J.P. Fredrickson's sister is a nun. We're talking a habit-wearing, convent-living nun. So I teased the 71-year-old runner gently about the division of their genes when I met him for a beer at Spaghetti Western to talk about Sunday's marathon. (The beer-drinking doesn't stop until Friday night, and he said he's been known to indulge on the occasional Saturday before a race the next day.)
Sunday's run isn't just any race for Fredrickson. Or rather, it is for him, but it's much more to everyone else. The Chevron Houston marathon will be Fredrickson's 100th. An impressive feat for any athlete, but especially noteworthy because Fredrickson smoked for 25 years and didn't even dabble in running until he was 53.
He acknowledges that this race is a big deal to a lot of people, like his friends and his running group, Bayou City Running Club (you can find them most Wednesdays at Valhalla), but says, "I really can't wait until it's over so everyone will stop talking about it."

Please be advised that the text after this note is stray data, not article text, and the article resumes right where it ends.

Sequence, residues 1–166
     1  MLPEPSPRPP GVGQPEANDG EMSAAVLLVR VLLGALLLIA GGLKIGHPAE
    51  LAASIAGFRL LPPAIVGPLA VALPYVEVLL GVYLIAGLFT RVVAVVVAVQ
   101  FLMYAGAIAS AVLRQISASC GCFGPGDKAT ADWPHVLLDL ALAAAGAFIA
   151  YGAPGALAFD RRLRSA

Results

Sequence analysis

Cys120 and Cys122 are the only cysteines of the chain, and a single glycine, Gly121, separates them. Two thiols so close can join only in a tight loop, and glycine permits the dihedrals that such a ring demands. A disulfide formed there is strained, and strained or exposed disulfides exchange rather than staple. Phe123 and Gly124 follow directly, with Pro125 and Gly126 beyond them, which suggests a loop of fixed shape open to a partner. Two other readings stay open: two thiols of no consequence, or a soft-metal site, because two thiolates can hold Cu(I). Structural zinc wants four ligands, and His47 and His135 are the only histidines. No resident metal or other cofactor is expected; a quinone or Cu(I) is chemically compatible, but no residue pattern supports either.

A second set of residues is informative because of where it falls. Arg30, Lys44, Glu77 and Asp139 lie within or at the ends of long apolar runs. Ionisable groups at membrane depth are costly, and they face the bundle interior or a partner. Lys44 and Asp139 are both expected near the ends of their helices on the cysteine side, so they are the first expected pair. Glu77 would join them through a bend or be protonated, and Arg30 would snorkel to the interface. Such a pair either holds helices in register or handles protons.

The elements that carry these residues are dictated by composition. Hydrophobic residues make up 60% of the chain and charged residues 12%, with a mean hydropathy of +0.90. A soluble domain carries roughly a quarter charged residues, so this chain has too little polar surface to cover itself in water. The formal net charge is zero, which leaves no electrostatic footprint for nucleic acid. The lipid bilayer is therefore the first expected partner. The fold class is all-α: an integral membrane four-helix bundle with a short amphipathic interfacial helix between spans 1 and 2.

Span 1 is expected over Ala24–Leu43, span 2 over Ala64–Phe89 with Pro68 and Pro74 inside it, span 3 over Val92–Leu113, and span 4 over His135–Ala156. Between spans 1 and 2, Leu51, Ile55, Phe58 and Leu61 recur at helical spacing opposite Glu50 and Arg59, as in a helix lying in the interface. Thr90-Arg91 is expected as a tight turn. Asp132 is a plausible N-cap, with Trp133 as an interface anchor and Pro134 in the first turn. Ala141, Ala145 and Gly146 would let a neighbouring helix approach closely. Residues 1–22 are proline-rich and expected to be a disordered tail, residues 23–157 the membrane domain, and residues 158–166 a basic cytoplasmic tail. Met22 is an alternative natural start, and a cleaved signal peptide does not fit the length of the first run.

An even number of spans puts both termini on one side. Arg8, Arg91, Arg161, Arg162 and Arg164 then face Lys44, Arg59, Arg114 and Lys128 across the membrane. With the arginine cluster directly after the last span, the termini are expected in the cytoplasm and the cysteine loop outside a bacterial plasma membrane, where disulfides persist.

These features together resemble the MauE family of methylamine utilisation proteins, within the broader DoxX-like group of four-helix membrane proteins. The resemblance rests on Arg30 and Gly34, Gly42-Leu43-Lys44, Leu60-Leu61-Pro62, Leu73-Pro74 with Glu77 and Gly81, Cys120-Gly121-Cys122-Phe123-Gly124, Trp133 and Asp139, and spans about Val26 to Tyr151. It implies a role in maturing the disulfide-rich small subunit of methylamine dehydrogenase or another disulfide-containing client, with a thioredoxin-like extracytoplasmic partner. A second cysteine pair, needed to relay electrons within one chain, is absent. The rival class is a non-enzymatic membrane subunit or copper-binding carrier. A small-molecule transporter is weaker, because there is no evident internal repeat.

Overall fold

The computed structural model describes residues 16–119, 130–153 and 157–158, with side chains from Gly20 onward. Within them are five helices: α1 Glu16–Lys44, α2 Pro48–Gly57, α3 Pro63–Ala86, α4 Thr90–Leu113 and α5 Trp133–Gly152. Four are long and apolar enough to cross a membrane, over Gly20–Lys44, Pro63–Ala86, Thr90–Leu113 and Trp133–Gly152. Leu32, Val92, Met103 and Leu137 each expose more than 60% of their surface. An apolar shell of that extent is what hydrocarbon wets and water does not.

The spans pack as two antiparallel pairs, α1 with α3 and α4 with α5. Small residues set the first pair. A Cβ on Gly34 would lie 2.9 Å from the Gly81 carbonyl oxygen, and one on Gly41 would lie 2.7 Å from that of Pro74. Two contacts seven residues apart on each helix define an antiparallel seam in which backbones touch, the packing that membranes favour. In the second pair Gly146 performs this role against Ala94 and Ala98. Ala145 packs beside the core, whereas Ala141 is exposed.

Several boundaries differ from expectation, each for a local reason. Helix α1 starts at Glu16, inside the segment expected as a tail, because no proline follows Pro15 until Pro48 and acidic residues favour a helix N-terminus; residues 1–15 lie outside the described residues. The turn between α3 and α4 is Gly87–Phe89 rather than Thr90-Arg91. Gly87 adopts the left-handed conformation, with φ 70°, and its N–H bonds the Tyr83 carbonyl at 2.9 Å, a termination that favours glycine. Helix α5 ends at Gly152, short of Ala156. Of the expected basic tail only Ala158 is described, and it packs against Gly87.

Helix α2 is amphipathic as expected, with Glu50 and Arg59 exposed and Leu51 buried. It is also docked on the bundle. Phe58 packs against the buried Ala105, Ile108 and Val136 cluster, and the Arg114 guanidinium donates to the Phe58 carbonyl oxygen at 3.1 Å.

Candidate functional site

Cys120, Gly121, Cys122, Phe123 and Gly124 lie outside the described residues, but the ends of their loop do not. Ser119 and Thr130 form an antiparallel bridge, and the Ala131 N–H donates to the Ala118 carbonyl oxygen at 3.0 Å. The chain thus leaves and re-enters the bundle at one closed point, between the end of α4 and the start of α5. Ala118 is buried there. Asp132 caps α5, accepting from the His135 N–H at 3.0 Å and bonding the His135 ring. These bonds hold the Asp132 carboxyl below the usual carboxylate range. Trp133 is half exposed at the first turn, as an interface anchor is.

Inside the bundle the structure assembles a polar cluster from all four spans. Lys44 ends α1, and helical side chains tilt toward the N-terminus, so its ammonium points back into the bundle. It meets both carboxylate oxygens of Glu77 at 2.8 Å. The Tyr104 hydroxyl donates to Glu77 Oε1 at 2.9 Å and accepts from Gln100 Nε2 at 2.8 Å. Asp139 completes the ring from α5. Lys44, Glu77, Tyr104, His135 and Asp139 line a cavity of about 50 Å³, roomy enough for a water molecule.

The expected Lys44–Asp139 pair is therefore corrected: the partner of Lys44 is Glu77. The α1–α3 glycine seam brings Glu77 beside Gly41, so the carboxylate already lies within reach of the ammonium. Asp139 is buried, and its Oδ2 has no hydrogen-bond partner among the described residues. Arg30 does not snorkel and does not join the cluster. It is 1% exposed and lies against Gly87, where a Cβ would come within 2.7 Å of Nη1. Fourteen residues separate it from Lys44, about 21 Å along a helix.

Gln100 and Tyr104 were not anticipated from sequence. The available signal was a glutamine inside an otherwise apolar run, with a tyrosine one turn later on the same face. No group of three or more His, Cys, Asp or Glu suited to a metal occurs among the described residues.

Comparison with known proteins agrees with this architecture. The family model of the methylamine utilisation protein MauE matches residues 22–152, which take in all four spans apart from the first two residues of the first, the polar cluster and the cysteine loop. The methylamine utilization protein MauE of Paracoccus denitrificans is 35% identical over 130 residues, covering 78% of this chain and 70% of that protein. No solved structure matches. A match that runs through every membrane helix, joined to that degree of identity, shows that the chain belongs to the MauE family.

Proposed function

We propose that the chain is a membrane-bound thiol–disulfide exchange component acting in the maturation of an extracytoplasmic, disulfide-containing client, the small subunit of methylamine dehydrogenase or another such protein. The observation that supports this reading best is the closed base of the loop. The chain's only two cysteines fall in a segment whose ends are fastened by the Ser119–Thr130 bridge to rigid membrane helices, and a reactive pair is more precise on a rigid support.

Fredrickson's running philosophy is similar. "The thing I like best about running is when I stop," he says.
He picked up the hobby late in life for health reasons and credits it for curing his emphysema.
Fredrickson embraced his new hobby with vigor. He ran his second marathon just two weeks after barely recovering from his first one (in Houston in 1991). He told his then-wife he was going out for a 10k, but when he saw the signs for the marathon he said he couldn't resist.
So how does a veteran runner prepare for his 100th race? Fredrickson says he didn't run at all for two whole weeks over the holidays, but did 19 miles on Jan. 1. He ran his last marathon in the beginning of December, one of seven or eight he runs each year all over the country.
Although he runs around a 10-minute mile, Fredrickson says his time doesn't worry him.
After the race he'll probably treat himself to his usual: Barbecue ribs.